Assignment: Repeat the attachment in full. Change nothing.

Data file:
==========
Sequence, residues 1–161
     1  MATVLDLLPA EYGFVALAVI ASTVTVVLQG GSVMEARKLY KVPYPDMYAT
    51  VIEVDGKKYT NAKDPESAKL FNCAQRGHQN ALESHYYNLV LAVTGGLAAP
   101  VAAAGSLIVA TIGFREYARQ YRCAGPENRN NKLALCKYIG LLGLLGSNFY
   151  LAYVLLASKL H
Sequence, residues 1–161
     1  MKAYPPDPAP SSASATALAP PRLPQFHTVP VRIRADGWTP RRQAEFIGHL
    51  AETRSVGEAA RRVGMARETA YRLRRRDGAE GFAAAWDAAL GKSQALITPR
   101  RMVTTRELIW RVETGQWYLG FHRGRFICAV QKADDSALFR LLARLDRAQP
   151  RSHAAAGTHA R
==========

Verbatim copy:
Sequence, residues 1–161
     1  MATVLDLLPA EYGFVALAVI ASTVTVVLQG GSVMEARKLY KVPYPDMYAT
    51  VIEVDGKKYT NAKDPESAKL FNCAQRGHQN ALESHYYNLV LAVTGGLAAP
   101  VAAAGSLIVA TIGFREYARQ YRCAGPENRN NKLALCKYIG LLGLLGSNFY
   151  LAYVLLASKL H
Sequence, residues 1–161
     1  MKAYPPDPAP SSASATALAP PRLPQFHTVP VRIRADGWTP RRQAEFIGHL
    51  AETRSVGEAA RRVGMARETA YRLRRRDGAE GFAAAWDAAL GKSQALITPR
   101  RMVTTRELIW RVETGQWYLG FHRGRFICAV QKADDSALFR LLARLDRAQP
   151  RSHAAAGTHA R